The <"http://www.yourlawyer.com/topics/overview/vytorin">Vytorin fallout continues, with one lawmaker demanding that Vytorin’s makers explain why the results of a crucial study were delayed for more than a year.Â The request for more information on the delayed Vytorin study came just a day after a panel of prominent cardiologists recommended that Vytorin be used only as a last resort, because there is no evidence that the expensive medication provides any more benefits than a cheaper statin in preventing heart disease.
Vytorin, which was developed and marketed jointly by Merck and Schering-Plough, was approved for use by the Food and Drug Administration in 2004. Since it came on the market, Vytorin sales have reached $5 billion per year. Vytorin is a combination of cholesterol-lowering Zetia and the statin Zocor. Statins like Zocor reduce the amount of cholesterol produced by the liver, while Zetia lessens the amount of cholesterol in food that is absorbed in the intestines. High cholesterol levels put a person at risk of developing clogged arteries â€“ a major risk factor for heart attacks and strokes. Doctors and Vytorin users were led to believe that the drug would effectively reduce both sources of cholesterol, thereby lessening the amount of plaque build up in the arteries, as well as the risk of having heart attacks and strokes.Â But ENHANCE, which was released on January 14, showed that Vytorin was ineffective in preventing clogged arteries, and might actually increase plaque in some users. In spite of the findings, Merck and Schering-Plough delayed releasing ENHANCE for more than a year â€“ something critics of the company have likened to fraud.
Over the weekend, the full ENHANCE study was vetted during the annual meeting of the American College of Cardiology. A panel of four doctors concluded that Vytorin should be used only as a last resort, considering that the expensive drug did not provide any added benefits.Â â€œOur strongest recommendation is that people need to go back to statins,â€ said panel member Dr. Harlan Krumhotz.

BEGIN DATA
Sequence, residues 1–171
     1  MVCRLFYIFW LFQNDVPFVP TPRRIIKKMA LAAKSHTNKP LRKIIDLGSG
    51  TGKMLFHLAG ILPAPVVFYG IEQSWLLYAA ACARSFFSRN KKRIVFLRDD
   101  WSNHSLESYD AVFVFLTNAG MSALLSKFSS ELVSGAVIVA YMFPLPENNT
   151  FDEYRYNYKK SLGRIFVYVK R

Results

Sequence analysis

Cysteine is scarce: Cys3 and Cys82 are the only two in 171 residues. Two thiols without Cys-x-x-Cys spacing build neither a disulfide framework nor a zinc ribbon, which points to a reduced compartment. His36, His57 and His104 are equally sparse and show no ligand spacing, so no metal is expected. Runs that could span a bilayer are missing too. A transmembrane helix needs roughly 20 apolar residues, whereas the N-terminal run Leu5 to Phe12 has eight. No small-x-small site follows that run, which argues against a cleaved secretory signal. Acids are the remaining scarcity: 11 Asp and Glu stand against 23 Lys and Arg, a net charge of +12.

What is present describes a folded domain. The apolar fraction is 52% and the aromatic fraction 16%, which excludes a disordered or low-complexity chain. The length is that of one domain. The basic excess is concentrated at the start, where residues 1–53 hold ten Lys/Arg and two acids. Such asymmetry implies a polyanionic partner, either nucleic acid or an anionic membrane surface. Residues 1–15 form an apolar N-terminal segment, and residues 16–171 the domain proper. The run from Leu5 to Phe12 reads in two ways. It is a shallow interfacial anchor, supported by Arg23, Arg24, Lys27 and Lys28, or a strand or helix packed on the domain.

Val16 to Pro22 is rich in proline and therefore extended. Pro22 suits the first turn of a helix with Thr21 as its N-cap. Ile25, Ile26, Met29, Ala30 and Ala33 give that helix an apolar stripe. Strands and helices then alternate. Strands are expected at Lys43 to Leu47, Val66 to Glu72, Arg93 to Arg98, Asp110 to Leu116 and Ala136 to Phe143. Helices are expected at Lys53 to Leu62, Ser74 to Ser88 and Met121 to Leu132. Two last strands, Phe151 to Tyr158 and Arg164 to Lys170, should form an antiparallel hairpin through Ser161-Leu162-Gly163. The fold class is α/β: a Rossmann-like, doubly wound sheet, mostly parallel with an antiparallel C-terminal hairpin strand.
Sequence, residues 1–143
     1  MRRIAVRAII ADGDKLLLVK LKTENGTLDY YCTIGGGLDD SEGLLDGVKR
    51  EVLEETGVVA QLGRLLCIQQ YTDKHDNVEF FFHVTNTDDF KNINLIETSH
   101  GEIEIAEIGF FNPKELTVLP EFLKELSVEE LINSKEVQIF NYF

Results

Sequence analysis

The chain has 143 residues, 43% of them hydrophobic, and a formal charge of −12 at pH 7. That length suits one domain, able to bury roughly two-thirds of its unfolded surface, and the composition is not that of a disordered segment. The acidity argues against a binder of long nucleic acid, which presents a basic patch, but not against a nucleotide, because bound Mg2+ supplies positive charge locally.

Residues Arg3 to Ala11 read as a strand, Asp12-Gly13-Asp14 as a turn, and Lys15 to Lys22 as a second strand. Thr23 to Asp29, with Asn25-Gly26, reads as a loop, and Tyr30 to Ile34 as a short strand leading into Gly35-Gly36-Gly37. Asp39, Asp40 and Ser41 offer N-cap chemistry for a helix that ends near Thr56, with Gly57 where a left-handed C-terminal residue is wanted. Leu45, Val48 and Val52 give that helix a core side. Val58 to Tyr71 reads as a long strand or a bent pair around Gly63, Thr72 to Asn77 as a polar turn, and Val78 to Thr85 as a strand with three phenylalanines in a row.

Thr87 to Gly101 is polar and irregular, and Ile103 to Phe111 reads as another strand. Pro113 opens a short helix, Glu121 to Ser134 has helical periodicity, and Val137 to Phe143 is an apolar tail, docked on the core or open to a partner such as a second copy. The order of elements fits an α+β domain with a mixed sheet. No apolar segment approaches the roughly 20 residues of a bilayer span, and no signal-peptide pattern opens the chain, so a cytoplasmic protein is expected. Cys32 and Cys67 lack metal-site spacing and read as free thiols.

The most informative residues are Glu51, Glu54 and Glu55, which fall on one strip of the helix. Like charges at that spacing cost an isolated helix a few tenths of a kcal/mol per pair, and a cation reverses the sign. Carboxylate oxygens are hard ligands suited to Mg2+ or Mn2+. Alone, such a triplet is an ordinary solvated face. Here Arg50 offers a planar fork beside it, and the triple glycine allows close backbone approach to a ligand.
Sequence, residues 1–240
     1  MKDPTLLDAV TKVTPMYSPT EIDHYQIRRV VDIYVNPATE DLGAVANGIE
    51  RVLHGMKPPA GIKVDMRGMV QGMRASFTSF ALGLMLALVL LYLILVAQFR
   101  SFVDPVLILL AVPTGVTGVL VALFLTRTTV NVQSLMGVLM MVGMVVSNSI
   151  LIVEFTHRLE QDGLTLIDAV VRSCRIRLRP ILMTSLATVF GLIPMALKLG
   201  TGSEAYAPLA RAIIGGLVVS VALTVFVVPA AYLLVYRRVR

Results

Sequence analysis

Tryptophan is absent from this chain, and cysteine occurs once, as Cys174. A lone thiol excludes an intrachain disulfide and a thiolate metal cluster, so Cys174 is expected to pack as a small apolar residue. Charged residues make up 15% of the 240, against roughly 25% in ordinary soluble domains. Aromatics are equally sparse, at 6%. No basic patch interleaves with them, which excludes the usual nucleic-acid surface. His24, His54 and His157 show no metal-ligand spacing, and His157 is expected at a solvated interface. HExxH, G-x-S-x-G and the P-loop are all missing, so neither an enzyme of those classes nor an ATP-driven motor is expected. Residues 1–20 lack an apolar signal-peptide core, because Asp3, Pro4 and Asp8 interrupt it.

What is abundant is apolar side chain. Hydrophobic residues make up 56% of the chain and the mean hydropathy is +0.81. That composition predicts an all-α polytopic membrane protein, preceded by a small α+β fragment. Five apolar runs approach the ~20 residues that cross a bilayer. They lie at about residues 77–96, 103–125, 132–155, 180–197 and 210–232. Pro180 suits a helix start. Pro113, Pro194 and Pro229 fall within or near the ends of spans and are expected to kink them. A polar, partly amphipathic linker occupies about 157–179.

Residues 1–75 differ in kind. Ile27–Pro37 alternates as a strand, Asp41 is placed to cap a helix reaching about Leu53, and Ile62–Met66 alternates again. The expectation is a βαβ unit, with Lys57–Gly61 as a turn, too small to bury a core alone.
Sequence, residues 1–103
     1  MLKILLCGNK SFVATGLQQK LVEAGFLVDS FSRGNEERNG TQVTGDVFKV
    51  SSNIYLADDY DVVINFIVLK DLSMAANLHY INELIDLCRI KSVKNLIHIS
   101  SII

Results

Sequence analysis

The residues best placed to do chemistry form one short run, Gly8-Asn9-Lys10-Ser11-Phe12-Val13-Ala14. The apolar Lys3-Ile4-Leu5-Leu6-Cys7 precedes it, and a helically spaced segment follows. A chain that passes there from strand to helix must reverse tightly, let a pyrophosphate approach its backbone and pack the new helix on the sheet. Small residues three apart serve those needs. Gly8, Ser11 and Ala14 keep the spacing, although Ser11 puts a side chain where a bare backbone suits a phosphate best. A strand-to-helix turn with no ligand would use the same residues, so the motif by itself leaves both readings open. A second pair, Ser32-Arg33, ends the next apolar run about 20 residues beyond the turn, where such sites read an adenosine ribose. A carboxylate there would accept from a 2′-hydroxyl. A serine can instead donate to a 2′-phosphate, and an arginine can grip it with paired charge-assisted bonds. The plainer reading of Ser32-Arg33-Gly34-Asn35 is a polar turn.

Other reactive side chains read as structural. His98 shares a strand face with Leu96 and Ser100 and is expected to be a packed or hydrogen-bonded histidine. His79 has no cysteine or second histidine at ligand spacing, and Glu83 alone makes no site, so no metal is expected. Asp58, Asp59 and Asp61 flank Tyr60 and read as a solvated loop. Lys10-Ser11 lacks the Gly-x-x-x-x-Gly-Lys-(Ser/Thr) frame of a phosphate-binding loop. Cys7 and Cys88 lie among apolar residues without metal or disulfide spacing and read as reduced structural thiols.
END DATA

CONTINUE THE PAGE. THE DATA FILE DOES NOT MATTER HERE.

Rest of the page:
Now, Senator Charles Grassley (R-Iowa) has sent a letter to Merck and Schering-Plough seeking more explanation on the delay in releasing ENHANCE.Â According to The Wall Street Journal, Sen. Grassley, a member of the Senate Finance Committee, is among several lawmakers probing whether the companies deliberately withheld negative information to protect sales of Vytorin and a sister drug Zetia. The companies have denied that and said they were trying to resolve issues with flaws in the data.
At issue are a series of emails between company executives and the ENHANCE study’s lead researcher, John P. Kastelein of Academic Medical Center, Amsterdam, that indicate that Kastelein was upsetÂ with the companies decision to withhold ENHANCE from last November’s America Heart Association meeting.Â Excerpts of the emails were released in Sen. Grassley’s letter.Â “If this is true, [Schering-Plough] must have taken this decision without even the semblance of decency to consult me,” Kastelein wrote in an email sent July 6.Â “I can tell you if this is the case, our collaboration is over. This starts smelling like extending the publication [of the study] for no other [than] political reasons and I cannot live with that.”
Sen. Grassley’s letter said the e-mails, supplied by the companies, indicated Schering-Plough and Merck may have delayed for more than a year releasing results ENHANCE, for “marketing purposes.” Sen. Grassley also asked for details about payments made to researchers and doctors who promoted the Vytorin.